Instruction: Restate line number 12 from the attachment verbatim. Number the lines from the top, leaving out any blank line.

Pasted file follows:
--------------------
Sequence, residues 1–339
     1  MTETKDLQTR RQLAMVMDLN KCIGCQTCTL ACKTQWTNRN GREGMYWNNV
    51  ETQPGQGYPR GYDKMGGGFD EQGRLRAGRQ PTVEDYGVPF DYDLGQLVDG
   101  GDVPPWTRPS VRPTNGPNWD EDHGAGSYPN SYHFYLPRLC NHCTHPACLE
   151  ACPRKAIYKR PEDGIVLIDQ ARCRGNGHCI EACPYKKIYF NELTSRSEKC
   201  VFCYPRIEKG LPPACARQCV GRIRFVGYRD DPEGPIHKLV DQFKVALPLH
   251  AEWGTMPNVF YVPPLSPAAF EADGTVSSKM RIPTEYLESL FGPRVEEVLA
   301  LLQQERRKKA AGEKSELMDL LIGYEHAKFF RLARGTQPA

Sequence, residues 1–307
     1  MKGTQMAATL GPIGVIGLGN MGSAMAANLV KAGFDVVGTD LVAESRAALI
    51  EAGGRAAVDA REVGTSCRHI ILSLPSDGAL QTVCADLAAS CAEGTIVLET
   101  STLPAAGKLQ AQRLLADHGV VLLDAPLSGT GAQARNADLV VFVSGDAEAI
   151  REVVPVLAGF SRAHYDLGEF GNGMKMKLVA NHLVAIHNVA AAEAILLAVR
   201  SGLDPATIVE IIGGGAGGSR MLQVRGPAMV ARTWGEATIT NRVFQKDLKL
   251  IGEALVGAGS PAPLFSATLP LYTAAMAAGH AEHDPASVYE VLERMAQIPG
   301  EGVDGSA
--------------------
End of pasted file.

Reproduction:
   101  STLPAAGKLQ AQRLLADHGV VLLDAPLSGT GAQARNADLV VFVSGDAEAI